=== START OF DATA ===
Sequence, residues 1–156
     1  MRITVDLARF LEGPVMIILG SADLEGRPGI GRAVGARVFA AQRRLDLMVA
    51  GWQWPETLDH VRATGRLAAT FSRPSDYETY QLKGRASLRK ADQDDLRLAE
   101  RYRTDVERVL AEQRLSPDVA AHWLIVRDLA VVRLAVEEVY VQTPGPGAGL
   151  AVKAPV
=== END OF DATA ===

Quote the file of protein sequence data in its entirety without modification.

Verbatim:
Sequence, residues 1–156
     1  MRITVDLARF LEGPVMIILG SADLEGRPGI GRAVGARVFA AQRRLDLMVA
    51  GWQWPETLDH VRATGRLAAT FSRPSDYETY QLKGRASLRK ADQDDLRLAE
   101  RYRTDVERVL AEQRLSPDVA AHWLIVRDLA VVRLAVEEVY VQTPGPGAGL
   151  AVKAPV